Creating and publishing experiments is at the core of DNSimple. Through these little projects, we get to test, study, and refine who we are as a company. We also take these opportunities to play with new technologies or try a different angle on what we normally do every day.
For our latest side project, dnstudy, we wanted to try out a different way to write our front-end code, so we gave Tachyons a try. Tachyons is described as "Functional CSS for Humans". It was a refreshing and enjoyable way to work on this project.
Plenty has been written on managing CSS code. Writing and organizing CSS on large projects is hard. It requires a lot of effort to keep the stylesheets clean and well documented.
Naming CSS is hard. Giving semantic names (describing the element, not what the element contains) helps, but sometimes you need a slight variation for a given element and you end up with either very bad names or a specificity problem.
In CSS everything is global, grouped through selectors. This can bring a lot of redundancy to stylesheets. A lot of redundancy brings bloat — heavier files for your browser to handle.
CSS is fragile. Pages and elements breaks easily and in the most unexpected ways.
Two CSS properties walk into a bar.— Thomas Fuchs (@thomasfuchs) July 28, 2014
A barstool in a completely different bar falls over.
You have to pay attention to consistency. If you don't have a scale for paddings, margings, fonts, and z-indexes, things will get out of hand very quickly. You'll wind up with elements that don't exactly fit with each other because they have a slightly different padding, margin, or font-scale.
CSS Frameworks are great when you are starting a new project. You get to the point where you can show something very fast. But sometimes you get stuck in their documentation, because you are working with the framework's naming conventions and representations of elements.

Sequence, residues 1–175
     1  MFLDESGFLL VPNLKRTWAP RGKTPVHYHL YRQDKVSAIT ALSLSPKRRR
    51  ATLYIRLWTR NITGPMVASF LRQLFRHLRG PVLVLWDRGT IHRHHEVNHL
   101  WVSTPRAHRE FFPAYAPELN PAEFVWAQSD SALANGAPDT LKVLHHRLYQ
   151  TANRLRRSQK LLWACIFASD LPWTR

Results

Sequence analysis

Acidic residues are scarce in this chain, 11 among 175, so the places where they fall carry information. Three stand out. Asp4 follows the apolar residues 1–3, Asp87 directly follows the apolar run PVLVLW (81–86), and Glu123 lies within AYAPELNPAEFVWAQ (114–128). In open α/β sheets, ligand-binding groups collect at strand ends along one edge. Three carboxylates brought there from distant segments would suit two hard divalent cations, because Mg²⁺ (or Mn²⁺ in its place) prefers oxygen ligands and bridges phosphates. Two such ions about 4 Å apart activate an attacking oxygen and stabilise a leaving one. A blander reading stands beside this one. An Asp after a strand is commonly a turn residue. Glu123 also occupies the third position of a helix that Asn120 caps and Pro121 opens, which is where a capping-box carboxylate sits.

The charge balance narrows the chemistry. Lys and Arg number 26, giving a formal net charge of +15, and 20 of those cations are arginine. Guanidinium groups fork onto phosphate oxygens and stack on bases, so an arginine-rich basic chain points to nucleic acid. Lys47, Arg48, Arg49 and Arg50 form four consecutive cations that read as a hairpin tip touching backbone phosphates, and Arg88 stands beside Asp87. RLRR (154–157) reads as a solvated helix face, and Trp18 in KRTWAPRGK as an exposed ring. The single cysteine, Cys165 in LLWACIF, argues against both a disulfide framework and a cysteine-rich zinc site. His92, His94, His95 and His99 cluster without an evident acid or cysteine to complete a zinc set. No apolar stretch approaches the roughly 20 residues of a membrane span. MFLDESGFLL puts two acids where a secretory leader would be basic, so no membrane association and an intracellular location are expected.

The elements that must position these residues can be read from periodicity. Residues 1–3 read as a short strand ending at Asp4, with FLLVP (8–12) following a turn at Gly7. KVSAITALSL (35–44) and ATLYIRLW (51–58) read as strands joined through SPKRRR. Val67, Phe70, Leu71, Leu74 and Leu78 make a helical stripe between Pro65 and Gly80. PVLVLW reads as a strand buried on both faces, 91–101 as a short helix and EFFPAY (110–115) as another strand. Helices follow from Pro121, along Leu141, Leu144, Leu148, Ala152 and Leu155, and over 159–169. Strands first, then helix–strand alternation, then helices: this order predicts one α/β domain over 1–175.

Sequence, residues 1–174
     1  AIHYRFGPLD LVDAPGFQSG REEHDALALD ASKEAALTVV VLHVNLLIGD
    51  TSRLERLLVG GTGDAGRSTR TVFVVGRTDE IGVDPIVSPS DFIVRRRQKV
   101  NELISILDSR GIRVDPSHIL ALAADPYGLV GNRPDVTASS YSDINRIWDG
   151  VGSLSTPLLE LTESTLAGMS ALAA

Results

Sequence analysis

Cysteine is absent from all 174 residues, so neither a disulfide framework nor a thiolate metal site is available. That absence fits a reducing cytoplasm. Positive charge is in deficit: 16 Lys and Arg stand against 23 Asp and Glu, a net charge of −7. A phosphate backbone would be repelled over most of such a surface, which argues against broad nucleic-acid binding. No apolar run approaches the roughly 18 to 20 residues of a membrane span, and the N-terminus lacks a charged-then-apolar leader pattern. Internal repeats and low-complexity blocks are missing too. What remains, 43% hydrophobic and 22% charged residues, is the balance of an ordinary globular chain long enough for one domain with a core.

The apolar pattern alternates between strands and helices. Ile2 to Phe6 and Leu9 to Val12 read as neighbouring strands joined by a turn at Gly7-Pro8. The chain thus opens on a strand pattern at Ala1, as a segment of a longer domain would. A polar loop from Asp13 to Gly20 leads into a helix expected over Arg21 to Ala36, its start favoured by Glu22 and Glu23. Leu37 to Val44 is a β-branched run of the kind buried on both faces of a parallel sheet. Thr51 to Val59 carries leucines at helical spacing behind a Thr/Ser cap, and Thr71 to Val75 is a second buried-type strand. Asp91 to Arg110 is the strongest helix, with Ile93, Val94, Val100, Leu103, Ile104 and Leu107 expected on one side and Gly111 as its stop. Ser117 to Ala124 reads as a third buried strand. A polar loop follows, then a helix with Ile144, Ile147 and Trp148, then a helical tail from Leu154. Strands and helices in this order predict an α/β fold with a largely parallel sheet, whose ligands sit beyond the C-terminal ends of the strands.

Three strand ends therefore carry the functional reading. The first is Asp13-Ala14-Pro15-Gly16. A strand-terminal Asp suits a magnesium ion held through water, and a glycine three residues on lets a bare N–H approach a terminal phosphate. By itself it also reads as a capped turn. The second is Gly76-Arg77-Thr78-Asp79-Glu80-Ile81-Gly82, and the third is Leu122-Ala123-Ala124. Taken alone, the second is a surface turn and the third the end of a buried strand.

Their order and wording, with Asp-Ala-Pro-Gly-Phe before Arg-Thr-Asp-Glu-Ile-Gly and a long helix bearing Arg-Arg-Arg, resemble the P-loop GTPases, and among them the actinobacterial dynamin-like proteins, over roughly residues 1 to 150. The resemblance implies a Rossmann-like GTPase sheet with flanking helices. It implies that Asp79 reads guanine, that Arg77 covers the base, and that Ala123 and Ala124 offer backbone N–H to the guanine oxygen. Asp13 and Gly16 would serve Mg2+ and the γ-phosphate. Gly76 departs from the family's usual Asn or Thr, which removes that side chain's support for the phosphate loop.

You are forced to work against the framework as soon as you need to represent components differently than what the framework offers. The framework's representation of a "card" might not be yours. You might need something a bit different, so you start overwriting the parts that you want to change, which means tracking down what you want to override (or writing it from scratch), leading to writing more CSS and delivering heavier stylesheets.
My first reaction to Tachyons was disbelief. The classes were so cryptic (and abundant)! Check out this example below, it's a card for a talk on dnstudy:
There is definitely a learning curve here! What does
db mean? But you are going to have a learning curve no matter which framework you use.
The advantage here, is that once you know that
padding all the element with 3 units, and that
display: block you can apply this knowledge everywhere.
With other frameworks, the card above might have been called
card, with a need for a rigid HTML structure underneath with elements named
card-author. But if you wanted to use
card-author somewhere outside of a card, you may get stuck. You would have to search for something similar or, again, write your own.
With Tachyons, because you focus on styling the element in the HTML, your focus stays in the HTML file instead of jumping between the CSS classes in both the HTML and the CSS files.
Tachyons brings consistency to our projects. We normally use a few scales: typography, spacing, and colors; however I found the scales in Tachyons better suited and easier to use than the ones I wrote. So I'll be switching to them in older projects.
The spacing scales and layout classes are probably the best gateway drug to Tachyons. Because Tachyons is modular, you can simply start with just that, and after a while, you might find it compelling to pull more of Tachyons into your projects. The documentation is fantastic and was very helpful to get us started.
We are continuing to use Tachyons on our upcoming projects, and experimenting with abstracting what we identify as big components into common classes; so it's easy for people starting on new projects to grab Tachyons with a short set of "DNSimple" styles to represent DNSimple concepts. This is a long term project, but you can check out our first steps in that direction today. We definitely don't want to create our own CSS framework…the world does not need another CSS framework.
These bigger components all start with Tachyons, so we are still experimenting how to scale them out.
If you are thing of giving Tachyons a try, I suggest you do. You might be surprised at the results. Start with our 5 minutes with Tachyons and let us know what you think.
Appreciates the finest things in life: clean code, good illustrations and carrot juice. Someday he will run a marathon.
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